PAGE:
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Booze-loving Brazilians face liquor limits

Brazil, where drinking cold beer and sugar cane liquor is almost a national pastime, will get tough on alcohol abuse under a policy promoted by its outspoken new health minister.
/ Source: Reuters

Brazil, where drinking cold beer and sugar cane liquor is almost a national pastime, will get tough on alcohol abuse under a policy promoted by its outspoken new health minister.

“Every day people are dying, people are suffering violence, people are being hospitalized because of alcohol consumption,” Health Minister Jose Temporao said at a signing ceremony for the new policy on Wednesday.

Temporao blamed excess drinking for a list of social ills from wife-beating to traffic accidents. The national health system spends more than $20 million annually on drug and alcohol treatment, he said.

The government plans to restrict beer advertising and to tighten up checks on drunk driving. It will also propose laws to Congress to stop gas stations selling alcoholic beverages.

Brazil is the world’s fourth biggest beer-market after the United States, China and Germany.

President Luiz Inacio Lula da Silva himself has been known to enjoy beer and cachaca, a fiery liquor made from sugar cane that poor Brazilians can buy for as little as $1 per bottle.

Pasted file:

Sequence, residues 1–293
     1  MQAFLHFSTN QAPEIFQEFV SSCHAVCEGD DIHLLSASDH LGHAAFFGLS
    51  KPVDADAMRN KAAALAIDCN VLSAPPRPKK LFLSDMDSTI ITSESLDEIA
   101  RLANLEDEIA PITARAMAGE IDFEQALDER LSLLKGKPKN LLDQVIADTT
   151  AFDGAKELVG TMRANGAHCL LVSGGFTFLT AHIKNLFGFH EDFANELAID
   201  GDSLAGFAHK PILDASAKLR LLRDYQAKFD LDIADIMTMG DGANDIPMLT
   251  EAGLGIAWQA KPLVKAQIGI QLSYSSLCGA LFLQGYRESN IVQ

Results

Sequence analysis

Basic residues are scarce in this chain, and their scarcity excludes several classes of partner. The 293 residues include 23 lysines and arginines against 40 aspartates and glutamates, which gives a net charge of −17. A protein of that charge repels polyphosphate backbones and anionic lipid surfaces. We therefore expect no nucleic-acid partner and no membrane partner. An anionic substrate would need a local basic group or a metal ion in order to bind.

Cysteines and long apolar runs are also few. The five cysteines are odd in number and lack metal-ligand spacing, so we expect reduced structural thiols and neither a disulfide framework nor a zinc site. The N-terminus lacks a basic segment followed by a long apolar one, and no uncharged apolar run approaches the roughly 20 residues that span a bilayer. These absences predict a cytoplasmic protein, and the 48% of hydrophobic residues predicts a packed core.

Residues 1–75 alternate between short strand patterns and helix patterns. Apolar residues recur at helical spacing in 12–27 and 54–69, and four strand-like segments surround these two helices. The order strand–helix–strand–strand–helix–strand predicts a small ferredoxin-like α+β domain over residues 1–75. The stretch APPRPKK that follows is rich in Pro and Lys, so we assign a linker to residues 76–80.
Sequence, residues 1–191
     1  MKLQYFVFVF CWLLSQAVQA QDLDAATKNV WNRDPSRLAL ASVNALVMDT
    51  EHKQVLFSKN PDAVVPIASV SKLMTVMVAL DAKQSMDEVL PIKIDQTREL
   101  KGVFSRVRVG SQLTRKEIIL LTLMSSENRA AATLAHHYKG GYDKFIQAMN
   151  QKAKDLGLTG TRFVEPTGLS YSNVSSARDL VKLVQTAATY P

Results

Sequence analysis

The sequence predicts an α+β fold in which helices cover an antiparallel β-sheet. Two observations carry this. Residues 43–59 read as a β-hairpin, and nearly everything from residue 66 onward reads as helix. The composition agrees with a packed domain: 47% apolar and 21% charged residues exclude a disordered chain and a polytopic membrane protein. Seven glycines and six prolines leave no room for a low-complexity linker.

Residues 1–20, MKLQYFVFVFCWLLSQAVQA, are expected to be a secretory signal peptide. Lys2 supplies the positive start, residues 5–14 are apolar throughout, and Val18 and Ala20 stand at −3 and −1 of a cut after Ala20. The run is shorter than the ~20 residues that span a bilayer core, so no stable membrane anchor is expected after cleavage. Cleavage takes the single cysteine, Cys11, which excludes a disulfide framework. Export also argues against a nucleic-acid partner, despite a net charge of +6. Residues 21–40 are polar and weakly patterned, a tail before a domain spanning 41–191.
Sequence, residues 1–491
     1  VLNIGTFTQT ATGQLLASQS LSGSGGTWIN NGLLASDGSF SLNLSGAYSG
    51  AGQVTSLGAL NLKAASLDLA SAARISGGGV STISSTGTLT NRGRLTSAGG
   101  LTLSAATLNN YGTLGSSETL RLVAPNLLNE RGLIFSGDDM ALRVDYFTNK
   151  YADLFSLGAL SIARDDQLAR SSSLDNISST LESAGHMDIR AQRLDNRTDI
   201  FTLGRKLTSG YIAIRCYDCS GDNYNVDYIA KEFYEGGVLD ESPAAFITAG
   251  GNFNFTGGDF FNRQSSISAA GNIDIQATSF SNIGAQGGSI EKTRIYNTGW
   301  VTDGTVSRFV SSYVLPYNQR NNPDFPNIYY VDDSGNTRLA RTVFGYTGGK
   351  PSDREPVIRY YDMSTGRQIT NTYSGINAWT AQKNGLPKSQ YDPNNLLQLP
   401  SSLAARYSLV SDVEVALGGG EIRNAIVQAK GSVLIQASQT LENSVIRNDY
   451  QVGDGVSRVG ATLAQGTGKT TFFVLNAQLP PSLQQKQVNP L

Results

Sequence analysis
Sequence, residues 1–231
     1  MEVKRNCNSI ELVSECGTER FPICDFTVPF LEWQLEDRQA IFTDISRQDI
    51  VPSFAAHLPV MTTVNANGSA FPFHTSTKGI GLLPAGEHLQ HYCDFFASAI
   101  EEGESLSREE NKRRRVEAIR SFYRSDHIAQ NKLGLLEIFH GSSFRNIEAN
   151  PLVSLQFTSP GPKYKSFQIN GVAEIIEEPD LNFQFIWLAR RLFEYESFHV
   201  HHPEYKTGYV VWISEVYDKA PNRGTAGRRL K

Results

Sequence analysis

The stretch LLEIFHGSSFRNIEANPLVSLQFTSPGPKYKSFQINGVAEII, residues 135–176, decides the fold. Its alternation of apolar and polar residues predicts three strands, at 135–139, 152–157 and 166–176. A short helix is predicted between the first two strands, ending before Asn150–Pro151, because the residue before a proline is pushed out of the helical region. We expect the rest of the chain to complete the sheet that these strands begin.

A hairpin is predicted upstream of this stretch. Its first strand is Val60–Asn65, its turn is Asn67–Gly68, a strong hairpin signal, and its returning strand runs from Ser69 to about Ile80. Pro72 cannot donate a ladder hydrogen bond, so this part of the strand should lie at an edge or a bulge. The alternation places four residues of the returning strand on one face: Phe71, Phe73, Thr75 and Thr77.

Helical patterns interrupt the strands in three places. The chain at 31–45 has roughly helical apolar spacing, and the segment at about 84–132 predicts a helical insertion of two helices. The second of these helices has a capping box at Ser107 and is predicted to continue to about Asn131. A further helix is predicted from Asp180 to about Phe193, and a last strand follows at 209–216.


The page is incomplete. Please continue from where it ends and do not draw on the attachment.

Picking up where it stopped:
A Health Ministry survey found that a quarter to a third of Brazilian men drink too much. The heaviest drinkers were in the northeastern city of Salvador. In Rio de Janeiro, one in four men regularly drank too much, it said.

One of the main goals of the new policy is to crack down on drunk driving, which Temporao said caused more than half of Brazil’s 37,500 traffic deaths per year.

“Many of us have family in the countryside and we know the cachaca habit. Saturdays, Sundays, people drink one cachaca, two cachacas, three cachacas, four cachacas and dad keeps on going and then he gets in his car and drives home,” Cities Minister Marcio Fortes said.

The government will hand down tougher sentences for drunk drivers and set up speed traps to help catch them on Friday and Saturday nights, Fortes said.

$10 billion worth of beer sold a year
New limits on alcohol advertising could take effect next week. That could displease Brazilian brewers, which sell $10 billion worth of beer and spend $500 million on ads every year.

The limits will restrict the content of ads and when they can appear on television. Brewers have lobbied to avoid such state regulation in the past.

The government is also targeting women, who drink more than they used to, and native Indians, who have long been prone to alcohol abuse.